This eleventh volume of Bentham's Correspondence contains nearly three hundred letters, and covers the period from January 1822 to June 1824. The letters, most of which have never before been published, have been collected from archives, private and official, as far afield as Athens and Bogota, as well as from the collections of Bentham Papers at University College London and the British Library. By the early 1820s Bentham had acquired an international
reputation, and corresponded with leading figures in Europe, the United States of America, and many of the newly independent states of Central and South America. His correspondents included such notable figures as Simon Bolivar, the Liberator of South America; Jean Pierre Boyer, President of Haiti; Jose da Silva
Carvalho, Minister of Justice in Portugal; Etienne Dumont, Bentham's Genevan editor; Bernardino Rivadavia, first President of the United Provinces of Rio de la Plata; Jean Baptiste Say, the economist; and members of the provisional government of Greece. Bentham also corresponded with numerous public figures and personal friends in Britain, including Edward Blaquiere, James Silk Buckingham, Richard Carlile, John Cartwright, Rowland and Matthew Davenport Hill, James Mill, Samuel Parr,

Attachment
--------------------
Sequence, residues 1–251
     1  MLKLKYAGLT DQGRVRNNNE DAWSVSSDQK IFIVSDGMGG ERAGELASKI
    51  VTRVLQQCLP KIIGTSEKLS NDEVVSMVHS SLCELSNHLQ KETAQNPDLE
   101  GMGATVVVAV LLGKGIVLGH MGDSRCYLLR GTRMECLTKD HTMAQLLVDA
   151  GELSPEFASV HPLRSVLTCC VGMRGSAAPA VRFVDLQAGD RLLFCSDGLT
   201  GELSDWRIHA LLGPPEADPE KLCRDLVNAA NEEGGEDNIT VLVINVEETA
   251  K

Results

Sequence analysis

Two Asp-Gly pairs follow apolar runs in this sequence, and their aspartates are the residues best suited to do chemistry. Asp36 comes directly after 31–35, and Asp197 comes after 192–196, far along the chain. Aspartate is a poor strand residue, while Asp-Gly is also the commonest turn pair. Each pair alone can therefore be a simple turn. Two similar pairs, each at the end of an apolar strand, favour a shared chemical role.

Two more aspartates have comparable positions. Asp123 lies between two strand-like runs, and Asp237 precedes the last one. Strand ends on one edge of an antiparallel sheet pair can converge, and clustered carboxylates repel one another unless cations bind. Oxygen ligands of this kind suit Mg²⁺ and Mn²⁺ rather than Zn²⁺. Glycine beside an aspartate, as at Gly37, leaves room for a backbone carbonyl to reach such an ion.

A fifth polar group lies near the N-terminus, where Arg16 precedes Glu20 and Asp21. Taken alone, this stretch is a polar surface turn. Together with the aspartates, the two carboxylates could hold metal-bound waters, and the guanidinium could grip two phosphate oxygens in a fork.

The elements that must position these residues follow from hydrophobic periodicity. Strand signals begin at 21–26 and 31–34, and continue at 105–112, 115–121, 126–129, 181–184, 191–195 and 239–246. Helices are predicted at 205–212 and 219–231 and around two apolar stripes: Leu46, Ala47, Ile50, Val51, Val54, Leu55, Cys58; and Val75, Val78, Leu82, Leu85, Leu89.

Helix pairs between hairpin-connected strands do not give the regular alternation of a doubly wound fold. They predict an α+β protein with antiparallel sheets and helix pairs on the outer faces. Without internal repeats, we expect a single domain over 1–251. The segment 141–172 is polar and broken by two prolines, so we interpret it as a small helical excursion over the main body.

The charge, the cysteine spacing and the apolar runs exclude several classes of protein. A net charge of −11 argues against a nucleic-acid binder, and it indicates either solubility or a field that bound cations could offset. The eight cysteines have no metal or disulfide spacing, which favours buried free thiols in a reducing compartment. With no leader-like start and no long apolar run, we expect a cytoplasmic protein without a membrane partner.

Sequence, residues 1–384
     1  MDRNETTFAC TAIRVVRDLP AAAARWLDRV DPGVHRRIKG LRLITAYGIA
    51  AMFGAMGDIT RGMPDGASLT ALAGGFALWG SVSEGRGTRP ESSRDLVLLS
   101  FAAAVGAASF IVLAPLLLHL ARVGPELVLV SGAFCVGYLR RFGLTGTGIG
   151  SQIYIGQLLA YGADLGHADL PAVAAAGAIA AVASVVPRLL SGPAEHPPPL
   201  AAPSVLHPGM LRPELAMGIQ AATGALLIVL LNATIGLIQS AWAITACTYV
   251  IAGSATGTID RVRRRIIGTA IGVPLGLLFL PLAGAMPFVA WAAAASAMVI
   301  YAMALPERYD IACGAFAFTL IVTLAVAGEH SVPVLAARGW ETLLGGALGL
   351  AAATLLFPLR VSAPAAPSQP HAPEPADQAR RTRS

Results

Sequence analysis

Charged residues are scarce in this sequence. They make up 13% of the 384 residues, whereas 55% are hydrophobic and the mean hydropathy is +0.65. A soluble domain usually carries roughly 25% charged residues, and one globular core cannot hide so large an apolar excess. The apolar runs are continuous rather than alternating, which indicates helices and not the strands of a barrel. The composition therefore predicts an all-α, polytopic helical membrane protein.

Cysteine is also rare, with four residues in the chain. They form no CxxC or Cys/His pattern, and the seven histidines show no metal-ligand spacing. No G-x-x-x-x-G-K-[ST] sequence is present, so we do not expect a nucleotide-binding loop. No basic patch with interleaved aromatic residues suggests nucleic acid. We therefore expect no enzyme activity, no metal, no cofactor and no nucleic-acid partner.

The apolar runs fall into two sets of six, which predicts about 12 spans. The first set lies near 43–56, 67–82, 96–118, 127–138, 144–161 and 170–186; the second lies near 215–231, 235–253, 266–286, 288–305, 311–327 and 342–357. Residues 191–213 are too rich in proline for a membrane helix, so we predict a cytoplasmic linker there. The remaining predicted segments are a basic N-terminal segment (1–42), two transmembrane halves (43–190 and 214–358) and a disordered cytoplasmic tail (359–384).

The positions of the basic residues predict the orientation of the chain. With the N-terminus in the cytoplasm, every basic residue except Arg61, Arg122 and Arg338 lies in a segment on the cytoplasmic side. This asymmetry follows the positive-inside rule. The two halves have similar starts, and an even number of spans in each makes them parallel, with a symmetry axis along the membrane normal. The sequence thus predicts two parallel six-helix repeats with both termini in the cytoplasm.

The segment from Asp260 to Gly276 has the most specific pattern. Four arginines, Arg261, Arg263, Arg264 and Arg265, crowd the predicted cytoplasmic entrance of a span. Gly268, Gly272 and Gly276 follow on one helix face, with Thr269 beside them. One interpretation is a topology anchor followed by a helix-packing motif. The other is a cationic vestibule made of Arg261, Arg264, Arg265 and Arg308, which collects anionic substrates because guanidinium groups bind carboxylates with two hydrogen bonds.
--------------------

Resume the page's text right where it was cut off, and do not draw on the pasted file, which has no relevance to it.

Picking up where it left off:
Francis Place, Leicester Stanhope, and Frances Wright.
As well as covering such matters as the launch of the Westminster Review, and his first plan for the Auto-Icon, the volume testifies to the growing importance to Bentham of his writings on codification. Having received news that the Portuguese Cortes had accepted his offer to draw up a complete code of laws, he began to draft material for his Constitutional Code. He became involved in promoting constitutional reform in Tripoli and Greece, and was extensively involved in the
negotiations surrounding the Greek Loan raised in London in 1824.